What Christmas Looks Like in Canada



Happy December! Ever wonder what Christmas looks like in Canada? Under the subdued light of a winter sky, Christmas in Canada is altogether beautiful, challenging and jovial.

Around here, Christmas is also downright comical. Take our gingerbread house of 2014, for example:


The kids and I made it from scratch. And I\’m pretty darn proud of it, I\’ll tell ya! Pretty. Durn. Proud.

That kit never saw us coming…

As it\’s only natural when winter rolls around, many of our international friends like to chide us Canadians about, \”living in igloos,\” and \”driving dogsleds…\” We get a chuckle out of it too. After all, Canucks must be tough to withstand the six feet of snow we might receive one day and the -30 temperatures the next.

But, the truth is – sometimes we do! Make igloos and ride in dogsleds, that is.

Riding in a dogsled in winter is one of the most exhilarating and festive things you can do.


And remember what I said about the six feet of snow and minus temperatures? Our horses are pretty tough too. Still, I don\’t understand why they prefer to be outside of their shelters on days like this.


Around here, we take our Christmas gift wrapping very seriously.

Simple yet, creative is what works for me.

\"Xmas-tree-tags\"Sugared snow in the winter is a Canadian must. Careful! This stuff is addicting.


Getting a Christmas manicure with a loved one is a perfect way to spend time together.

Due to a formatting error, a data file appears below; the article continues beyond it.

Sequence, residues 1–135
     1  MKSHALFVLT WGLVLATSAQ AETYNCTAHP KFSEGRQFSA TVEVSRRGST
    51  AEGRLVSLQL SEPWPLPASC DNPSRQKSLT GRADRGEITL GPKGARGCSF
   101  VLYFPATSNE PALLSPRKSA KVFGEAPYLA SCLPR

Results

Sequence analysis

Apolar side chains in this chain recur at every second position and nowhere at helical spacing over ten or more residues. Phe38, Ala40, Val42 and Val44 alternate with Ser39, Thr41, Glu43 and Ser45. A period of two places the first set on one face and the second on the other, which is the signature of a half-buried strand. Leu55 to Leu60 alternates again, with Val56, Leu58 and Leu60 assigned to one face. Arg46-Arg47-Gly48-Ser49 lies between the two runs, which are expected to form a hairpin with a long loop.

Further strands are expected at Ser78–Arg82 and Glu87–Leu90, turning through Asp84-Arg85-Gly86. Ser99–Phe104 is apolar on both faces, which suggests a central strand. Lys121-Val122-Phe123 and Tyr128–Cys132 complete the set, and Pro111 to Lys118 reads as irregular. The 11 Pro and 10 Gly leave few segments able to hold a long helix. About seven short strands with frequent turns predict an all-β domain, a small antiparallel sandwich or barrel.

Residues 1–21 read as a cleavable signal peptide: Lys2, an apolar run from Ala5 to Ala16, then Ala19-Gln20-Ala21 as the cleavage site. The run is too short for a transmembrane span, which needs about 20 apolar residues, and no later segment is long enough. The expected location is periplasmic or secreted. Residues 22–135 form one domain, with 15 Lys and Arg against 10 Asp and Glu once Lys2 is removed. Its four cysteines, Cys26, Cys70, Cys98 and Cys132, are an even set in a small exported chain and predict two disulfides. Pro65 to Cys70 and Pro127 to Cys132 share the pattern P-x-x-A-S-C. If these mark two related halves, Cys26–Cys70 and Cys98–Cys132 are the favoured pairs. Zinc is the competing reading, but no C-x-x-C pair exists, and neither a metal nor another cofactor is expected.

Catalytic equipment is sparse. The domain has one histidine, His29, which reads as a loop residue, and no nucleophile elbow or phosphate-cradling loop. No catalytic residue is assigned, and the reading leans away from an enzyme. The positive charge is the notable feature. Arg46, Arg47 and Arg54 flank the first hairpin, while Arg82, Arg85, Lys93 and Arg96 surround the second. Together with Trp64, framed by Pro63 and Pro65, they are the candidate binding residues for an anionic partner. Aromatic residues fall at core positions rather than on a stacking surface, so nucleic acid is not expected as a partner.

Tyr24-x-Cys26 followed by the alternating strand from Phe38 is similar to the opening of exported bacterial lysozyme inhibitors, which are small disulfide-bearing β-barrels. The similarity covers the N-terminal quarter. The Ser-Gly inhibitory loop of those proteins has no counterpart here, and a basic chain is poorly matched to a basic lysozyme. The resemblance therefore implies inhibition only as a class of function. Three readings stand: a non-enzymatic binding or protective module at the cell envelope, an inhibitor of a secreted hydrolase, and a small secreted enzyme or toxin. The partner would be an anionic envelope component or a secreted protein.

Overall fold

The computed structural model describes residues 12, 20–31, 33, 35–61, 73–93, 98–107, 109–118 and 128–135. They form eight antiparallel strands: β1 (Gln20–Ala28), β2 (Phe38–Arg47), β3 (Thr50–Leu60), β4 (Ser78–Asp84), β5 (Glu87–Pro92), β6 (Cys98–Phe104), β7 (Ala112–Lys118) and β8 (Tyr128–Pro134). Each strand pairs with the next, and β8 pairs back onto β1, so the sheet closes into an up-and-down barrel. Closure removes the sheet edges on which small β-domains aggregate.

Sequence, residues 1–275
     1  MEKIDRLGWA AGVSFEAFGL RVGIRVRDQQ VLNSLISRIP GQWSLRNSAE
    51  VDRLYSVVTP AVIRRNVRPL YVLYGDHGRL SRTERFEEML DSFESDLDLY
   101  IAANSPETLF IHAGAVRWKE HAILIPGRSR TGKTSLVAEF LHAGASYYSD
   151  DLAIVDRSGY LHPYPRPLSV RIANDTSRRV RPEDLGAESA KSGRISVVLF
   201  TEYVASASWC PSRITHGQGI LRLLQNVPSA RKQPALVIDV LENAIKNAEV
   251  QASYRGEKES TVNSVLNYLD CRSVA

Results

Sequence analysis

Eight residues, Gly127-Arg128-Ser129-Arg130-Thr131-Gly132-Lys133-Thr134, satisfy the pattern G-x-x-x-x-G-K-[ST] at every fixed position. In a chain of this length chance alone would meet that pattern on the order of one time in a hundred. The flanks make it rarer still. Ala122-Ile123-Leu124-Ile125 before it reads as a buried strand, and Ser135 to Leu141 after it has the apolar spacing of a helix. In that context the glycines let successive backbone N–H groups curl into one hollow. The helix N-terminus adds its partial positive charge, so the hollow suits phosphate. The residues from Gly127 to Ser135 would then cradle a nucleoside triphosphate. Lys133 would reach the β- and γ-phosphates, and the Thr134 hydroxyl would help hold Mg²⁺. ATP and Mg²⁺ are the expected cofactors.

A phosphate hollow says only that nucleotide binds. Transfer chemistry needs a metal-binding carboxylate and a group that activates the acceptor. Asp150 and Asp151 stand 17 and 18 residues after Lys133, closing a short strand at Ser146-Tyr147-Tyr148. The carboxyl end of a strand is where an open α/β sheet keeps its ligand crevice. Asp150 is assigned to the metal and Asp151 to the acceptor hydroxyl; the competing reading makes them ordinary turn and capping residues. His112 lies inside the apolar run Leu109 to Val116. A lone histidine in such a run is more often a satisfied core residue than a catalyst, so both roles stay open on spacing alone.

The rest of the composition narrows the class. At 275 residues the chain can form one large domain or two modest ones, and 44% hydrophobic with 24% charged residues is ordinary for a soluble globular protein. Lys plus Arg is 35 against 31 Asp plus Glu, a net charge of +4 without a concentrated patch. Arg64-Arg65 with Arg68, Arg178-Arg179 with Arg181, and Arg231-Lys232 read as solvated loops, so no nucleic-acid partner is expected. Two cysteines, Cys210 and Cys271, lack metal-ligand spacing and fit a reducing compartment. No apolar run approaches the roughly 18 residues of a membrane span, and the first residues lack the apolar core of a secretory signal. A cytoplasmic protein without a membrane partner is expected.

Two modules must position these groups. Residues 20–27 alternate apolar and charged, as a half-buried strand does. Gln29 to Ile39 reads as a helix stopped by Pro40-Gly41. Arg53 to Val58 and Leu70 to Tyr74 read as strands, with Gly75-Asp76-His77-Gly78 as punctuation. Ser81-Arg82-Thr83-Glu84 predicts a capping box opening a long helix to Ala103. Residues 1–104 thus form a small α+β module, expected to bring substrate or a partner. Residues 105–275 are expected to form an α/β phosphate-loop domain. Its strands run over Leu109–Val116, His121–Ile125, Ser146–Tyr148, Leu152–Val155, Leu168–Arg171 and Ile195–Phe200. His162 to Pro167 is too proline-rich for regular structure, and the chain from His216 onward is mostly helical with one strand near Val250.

And speaking of loved ones… some of our children are terrified of Santa…



…But have no hesitation when it comes to handling a reindeer with cloven hooves and antlers.



As horse people, you can bet we will haul through crazy storms and road conditions just to make it to the next cow practice. Because you know, Christmas is coming. But so are the January shows. And we wouldn\’t want to miss a beat.



As horse professionals, Christmas decorations like these are plentiful on our trees:



Frost on barbed wire fences is beautiful.



And absolutely nothing beats a little ice skating on a frozen, outdoor pond.


The CP Holiday Train was a new custom we incorporated into our Christmas affairs this year. As a fund-raiser for food banks in Canada and the U.S., the CP Holiday Trains — one travels through Canada, the other in the U.S. — have covered over 100,000 miles and raised close to $9.5 million and 3.3 million pounds of food since the program started in 1999. And with a healthy donation to the food bank, we got to listen to Jim Cuddy, for free, from a box car turned into a live stage.


As Canadians, we are always mindful of others in need during this time. Young and old alike, \’tis the season for sharing, caring and joy.

More importantly than that however, this is a mindset we try to hard maintain throughout the year.


With only a few days left to go, I hope Christmas is looking as wonderful for all of you as well!




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